With Taiwan’s recent legalization of same-sex marriage and Jake Zyrus’ emancipation from Charice Pempengco to finally free himself from the shackles of the female body, as well as last month’s Pride Month that called forth Pride marches all over the world, it is accurate enough that we live in an age where the LGBT (or LGBTQQIAAP, which stands for Lesbian, Gay, Bisexual, Transgender, Queer, Questioning, Intersex, Asexual, Allies, and Pansexual) community is becoming a cultural norm, at the very least for the most part.
While the LGBT community struggles to have human rights, fit in and be accepted, it is an understatement that most people still live in a prehistoric pre-gender-accepting world. They are bound by their religious faith, their aged beliefs, or the simple resistance borne out of the self-righteous subscription that superiority and supremacy should be awarded to certain limited biological sex. However, just like in linear latitudes of acceptance and rejection, a huge number of the population is most likely just in a noncommittal zone over the issue simply because they are not well-verse enough in the language, politics, and interaction with gay people.
And sometimes, it is as if straight people walk on egg shells that turn into landmines whenever they try to communicate with gay people. This is simply because they do not understand the unwritten rules of basic human interaction. Thus, in the spirit of bridging these gaps, here are some questions that you shouldn’t ask gay people or all the pizzazz will break loose.
1. You don’t ask them if they are gay. At least not right away
With most gay people, it is simply a what-you-see-is-what-you-get-dynamic. However, you do not just assume right away. Some closeted gay people just do not prefer to flaunt their sexuality, and you shouldn’t ask them about it. Of course, there is nothing wrong about asking, but it can lead to pressure for those who are still trying to find their true selves. Do not ask their gender preferences right away. Take time to get to know them first by being there for them.
2. You don’t ask them to come out
As previously mentioned, gay people in the closet are there for a reason. They are still trying to figure themselves out. Being openly gay is a decision that would require sacrifice and adjustments, so don’t be the additional pressure that the society already gives. Let them take the time. Also, do not be the one to “out” them. That is a total no-no.
3. You don’t ask them who the “girl” or “boy” in the relationship is
Relationship in LGBT people does not have to be parallel to a heterosexual relationship right away. Gender is fluid. It is a spectrum. Do not expect gay people to still subscribe to the male–female dichotomy. Gay people do things their own way.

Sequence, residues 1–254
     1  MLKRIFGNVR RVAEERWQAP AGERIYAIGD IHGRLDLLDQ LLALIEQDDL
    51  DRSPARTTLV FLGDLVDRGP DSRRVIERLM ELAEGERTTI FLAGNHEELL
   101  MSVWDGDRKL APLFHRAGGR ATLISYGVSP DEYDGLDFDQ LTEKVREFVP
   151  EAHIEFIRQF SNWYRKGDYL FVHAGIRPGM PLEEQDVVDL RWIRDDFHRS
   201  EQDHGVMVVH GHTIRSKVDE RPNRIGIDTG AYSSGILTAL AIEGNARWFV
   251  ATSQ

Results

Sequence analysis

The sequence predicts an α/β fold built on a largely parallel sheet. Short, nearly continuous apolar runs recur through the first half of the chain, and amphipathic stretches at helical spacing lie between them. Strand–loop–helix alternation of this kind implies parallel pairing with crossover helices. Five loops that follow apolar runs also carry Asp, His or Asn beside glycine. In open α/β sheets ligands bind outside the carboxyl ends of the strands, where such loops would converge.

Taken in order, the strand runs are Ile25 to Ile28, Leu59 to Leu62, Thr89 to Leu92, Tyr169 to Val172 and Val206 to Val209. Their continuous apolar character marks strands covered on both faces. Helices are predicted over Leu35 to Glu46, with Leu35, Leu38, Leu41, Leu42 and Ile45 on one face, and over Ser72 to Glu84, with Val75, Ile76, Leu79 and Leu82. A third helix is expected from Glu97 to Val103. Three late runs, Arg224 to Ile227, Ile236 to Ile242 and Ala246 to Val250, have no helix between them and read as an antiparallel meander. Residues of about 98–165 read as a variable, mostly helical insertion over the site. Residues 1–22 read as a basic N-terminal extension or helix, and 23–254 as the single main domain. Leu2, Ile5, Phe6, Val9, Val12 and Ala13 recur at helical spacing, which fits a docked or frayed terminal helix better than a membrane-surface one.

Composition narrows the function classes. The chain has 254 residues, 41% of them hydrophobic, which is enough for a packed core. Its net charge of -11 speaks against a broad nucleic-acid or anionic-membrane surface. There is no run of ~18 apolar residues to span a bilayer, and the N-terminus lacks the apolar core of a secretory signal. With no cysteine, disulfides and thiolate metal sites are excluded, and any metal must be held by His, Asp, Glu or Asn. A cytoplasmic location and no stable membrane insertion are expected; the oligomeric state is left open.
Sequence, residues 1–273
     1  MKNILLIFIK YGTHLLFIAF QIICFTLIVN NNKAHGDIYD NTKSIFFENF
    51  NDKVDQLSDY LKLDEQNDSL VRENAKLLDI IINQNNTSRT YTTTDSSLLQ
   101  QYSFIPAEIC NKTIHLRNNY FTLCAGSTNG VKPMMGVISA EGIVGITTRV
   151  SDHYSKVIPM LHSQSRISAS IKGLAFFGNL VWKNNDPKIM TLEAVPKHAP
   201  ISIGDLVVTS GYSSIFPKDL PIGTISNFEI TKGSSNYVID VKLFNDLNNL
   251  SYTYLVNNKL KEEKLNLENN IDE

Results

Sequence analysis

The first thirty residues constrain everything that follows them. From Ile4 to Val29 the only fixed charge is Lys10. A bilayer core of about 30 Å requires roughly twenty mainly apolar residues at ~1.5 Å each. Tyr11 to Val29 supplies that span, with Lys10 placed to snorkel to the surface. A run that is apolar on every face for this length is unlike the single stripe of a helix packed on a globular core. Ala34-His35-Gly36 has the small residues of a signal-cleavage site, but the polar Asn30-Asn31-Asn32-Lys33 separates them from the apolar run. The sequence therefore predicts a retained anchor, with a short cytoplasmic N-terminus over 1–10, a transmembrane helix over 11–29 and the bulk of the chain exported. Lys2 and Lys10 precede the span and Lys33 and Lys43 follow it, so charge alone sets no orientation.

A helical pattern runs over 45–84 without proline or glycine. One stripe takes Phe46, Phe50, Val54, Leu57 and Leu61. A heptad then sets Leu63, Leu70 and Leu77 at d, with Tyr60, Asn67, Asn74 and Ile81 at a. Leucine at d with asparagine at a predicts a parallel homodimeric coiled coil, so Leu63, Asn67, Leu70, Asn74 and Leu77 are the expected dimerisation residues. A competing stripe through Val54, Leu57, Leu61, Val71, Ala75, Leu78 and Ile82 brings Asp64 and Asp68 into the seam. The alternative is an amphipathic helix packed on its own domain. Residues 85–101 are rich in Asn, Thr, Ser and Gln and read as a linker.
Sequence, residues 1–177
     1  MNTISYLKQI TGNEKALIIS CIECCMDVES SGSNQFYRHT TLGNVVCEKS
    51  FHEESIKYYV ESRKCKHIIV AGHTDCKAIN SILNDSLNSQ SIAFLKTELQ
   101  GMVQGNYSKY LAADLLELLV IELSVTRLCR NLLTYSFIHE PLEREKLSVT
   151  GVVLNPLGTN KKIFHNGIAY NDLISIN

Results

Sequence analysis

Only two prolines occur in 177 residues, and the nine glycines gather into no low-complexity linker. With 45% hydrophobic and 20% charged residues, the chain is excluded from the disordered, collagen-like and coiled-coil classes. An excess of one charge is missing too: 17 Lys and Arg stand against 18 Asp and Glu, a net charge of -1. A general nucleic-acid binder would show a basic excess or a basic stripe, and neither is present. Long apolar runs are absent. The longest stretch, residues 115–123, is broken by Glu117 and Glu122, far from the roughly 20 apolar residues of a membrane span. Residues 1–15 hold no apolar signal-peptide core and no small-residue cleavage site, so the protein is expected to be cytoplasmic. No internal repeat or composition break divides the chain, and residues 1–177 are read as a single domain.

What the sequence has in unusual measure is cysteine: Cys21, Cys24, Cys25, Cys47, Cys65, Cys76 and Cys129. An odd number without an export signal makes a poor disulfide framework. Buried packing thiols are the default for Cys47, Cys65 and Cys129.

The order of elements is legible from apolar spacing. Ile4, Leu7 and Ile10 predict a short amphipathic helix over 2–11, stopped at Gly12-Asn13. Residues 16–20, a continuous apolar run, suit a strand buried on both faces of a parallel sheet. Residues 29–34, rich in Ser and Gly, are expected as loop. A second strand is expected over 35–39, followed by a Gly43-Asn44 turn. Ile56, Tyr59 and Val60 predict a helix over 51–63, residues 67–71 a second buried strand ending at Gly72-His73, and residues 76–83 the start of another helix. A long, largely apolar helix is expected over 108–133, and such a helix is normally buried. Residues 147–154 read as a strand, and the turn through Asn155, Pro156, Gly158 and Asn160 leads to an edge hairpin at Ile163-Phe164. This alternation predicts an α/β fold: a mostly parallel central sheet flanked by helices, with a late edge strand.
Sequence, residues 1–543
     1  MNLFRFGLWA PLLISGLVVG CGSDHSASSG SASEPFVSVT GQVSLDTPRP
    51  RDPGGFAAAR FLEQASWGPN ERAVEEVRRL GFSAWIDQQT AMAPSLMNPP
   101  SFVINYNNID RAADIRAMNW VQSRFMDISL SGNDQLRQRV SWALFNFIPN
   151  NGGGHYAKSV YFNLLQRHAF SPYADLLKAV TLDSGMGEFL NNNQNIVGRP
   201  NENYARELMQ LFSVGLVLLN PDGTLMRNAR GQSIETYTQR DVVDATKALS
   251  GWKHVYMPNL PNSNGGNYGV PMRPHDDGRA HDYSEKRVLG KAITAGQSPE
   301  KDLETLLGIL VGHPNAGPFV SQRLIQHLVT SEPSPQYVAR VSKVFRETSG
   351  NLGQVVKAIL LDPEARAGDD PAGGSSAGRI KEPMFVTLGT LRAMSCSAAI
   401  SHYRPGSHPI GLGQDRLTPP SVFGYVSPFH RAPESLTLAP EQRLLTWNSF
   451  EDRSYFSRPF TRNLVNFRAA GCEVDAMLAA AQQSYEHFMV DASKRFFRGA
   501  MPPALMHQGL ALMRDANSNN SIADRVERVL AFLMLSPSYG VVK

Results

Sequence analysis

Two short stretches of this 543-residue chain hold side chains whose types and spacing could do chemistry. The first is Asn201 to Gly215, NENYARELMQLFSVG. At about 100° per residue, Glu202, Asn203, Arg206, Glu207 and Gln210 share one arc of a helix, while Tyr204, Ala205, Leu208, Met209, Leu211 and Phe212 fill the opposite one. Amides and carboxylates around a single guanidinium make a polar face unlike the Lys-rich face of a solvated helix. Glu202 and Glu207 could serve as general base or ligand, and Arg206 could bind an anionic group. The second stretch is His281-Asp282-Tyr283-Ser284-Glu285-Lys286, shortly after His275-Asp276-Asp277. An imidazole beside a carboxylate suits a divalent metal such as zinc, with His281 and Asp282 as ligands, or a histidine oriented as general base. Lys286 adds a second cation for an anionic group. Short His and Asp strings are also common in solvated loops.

4. You don’t ask them if they are top or bottom
This is probably the most awkward question you can ask gay people, and sometimes, straight people ask this question in public. You simply just don’t. Again, it is an issue of labeling and stereotyping. Straight people usually right away assume that those who are bottom are the “girl” in the relationship. There is no such thing. In fact, you would be surprised to know how things work for gay people in the bedroom. Besides, you don’t usually ask people bedroom questions.
5. You don’t ask them to wear girl stuff
Just because a biological male is gay does not mean that he wants to wear female clothes. Just because a gay man wants to wear female clothes does not mean he wants to have a female sexual organ. Just because a lesbian wants to have coitus with another woman does not mean she suddenly wants to have a phallus medically attached to her. While some members of the LGBT community go the extra mile to completely unravel their true selves inside and out, some gay people prefer to maintain their biological body. Gay is not always equal to girl stuff, so if you are planning to make your gay friend wear drag for Halloween, just don’t push through with it.
6. You don’t ask them how they became gay
Even if expressing sexuality is a form of self-liberation that is really nice to feel in the heart, getting there is an uphill battle that still is a daily struggle. In this world, despite the successful fight for pride, to be gay is still difficult. Thus, being straight does not mean you can ask gay people about how they become gay as if you are a psychologist diagnosing what went wrong. Being gay is something that some people are just meant to be, it is not a choice.
7. You don’t ask them if they can ever be straight
This is like you are asking gay people if they can ever be “normal” or “fixed” again. The fact that gay people outed themselves and unleashed their true persona means that they are here to stay. Do not ask this because it seems like you are trying to correct them. Gay people love themselves, so if you are a straight person willing to accept the LGBT community with open arms, you should truly accept and love them in their entirety, for who they are and who they have always been meant to be.